Self-insured employers pay more for a host of medical procedures than fully insured employers, and just why should be investigated by policymakers, according to a study published today in Health Affairs.
Large providers’ market saturation might be one of the reasons that self-insured employers wind up paying more for such procedures as endoscopies (8% higher in self-insured plans) colonoscopies (7% higher), laboratory tests (5%) and moderate severity emergency department visits (4%).
About two-thirds of the approximately 153 million Americans who obtain coverage through their employer do so in self-insured plans. Such arrangements might put those employers on the hook for healthcare costs and should incentivize them to bargain for lower prices, but that doesn’t seem to be the case, according to researchers with the not-for-profit, nonpartisan think tank Health Care Cost Institute (HCCI). They examined HCCI data from 2021.
“Average per person healthcare spending (annualized to account for differences in enrollment length) was about 10% higher for self-insured plan enrollees ($5,083) than fully insured plan enrollees ($4,606), which may reflect differences in use or price of services,” the study said.
Market-based negotiations and incentives will not likely help self-insured employers get lower prices from providers. The authors use Walmart, the biggest employer in the U.S., as an example. The company employs about 2 million individuals who are spread across the country. This hinders Walmart’s ability to negotiate with any huge provider system in one location.
“Further, employers often rely on third-party administrators to negotiate contracts for self-insured plans, which may hinder employers’ awareness of the prices they are paying, limit their ability to lower spending, and potentially introduce additional costs,” according to the study.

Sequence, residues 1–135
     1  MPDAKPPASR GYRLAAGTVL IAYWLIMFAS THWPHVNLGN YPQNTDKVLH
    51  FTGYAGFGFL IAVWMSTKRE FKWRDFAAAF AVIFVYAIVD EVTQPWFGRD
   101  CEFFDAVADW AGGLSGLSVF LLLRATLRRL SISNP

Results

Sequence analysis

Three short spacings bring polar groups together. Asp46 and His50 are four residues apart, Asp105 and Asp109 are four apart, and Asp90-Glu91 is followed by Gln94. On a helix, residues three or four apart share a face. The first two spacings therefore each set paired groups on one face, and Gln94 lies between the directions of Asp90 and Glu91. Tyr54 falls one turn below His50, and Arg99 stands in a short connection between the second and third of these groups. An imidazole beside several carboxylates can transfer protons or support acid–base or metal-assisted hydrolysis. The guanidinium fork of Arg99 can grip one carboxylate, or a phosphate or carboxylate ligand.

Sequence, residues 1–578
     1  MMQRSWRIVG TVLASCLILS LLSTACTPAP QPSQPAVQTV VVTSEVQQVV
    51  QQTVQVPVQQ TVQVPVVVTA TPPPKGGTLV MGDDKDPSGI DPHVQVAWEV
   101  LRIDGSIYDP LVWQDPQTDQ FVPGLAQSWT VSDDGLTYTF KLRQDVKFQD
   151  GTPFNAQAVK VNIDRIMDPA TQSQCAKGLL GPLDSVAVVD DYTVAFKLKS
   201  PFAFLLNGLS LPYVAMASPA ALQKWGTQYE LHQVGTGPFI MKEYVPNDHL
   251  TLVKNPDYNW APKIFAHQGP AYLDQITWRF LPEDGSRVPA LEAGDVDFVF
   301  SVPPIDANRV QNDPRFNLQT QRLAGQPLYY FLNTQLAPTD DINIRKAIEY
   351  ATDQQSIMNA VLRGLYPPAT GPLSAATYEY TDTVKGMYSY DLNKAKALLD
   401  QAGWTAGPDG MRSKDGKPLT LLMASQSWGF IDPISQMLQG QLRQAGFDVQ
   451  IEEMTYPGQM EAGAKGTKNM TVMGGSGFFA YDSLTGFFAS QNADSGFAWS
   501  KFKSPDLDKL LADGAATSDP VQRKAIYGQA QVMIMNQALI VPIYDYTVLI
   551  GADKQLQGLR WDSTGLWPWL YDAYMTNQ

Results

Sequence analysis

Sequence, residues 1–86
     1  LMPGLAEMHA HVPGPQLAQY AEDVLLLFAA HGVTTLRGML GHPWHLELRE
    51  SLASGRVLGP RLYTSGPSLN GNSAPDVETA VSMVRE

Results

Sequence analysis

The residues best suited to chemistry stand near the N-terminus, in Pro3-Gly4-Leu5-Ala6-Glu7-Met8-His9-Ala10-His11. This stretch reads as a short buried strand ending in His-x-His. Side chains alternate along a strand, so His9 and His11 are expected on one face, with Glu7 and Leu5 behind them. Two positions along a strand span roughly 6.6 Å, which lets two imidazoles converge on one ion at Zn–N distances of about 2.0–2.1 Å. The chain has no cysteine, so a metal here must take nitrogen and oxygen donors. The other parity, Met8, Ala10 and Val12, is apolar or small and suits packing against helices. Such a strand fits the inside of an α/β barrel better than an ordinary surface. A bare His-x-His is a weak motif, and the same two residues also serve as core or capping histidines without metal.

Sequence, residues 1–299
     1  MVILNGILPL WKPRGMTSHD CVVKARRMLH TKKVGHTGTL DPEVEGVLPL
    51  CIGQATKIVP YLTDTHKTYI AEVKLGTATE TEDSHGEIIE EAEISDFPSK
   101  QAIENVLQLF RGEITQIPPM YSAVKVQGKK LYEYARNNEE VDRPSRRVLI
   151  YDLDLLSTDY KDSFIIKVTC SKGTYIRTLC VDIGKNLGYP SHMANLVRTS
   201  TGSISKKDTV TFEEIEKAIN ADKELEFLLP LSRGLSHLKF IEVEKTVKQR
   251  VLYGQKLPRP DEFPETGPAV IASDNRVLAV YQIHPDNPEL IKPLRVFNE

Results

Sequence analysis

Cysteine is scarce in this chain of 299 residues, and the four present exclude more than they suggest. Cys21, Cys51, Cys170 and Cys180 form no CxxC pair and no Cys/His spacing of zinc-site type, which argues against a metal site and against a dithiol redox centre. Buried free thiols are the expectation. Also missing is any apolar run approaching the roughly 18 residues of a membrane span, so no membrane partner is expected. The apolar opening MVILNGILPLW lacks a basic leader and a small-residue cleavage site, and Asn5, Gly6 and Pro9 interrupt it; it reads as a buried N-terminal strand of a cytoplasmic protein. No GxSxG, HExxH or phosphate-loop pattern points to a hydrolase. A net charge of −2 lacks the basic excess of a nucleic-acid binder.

The kind of reforms that HCCI researchers would like to see usually happen at the state level, but that’s not an option for self-insured plans because they’re overseen at the federal level thanks to ERISA.
The Health Affairs study follows research released last week by the Employee Benefit Research Institute (EBRI) showing that large employers have taken a step back from offering self-insured plans, even as small- and medium-sized employers have embraced them more, but the cause for this remains a mystery.
Paul Fronstin, Ph.D., EBRI’s director of health benefits research, told Fierce Healthcare that “it’s not a drastic change. It’s a very small erosion. But something’s going on there, and we’ve got to figure out what it is.”
HCCI researchers in their Health Affairs study said they found interactions among self-insured and fully insured plans’ status and type—whether HMO or PPO, for example—and the resulting prices.
“Specifically, we found that price differences between self-insured and fully insured plans were substantially smaller once controls for plan type were included,” the study said. “At this time, there is limited information on how employers decide whether to self-insure and what plan types and level of benefit generosity to offer their employees that could help explain this finding.”
Several influences may be in play, including deciding to self-insure to avoid complying with mandates in certain states. In addition, they note that benefit value is not systematically different between self-insured and fully insured plans in terms of actuarial value, but things like the financial health of companies and what services employees might be demanding could influence benefit design.
“In future work, careful disentangling of the mechanisms (or combination of mechanisms) driving the price differences documented here would be valuable for employer and policy efforts to improve this important market,” the study said.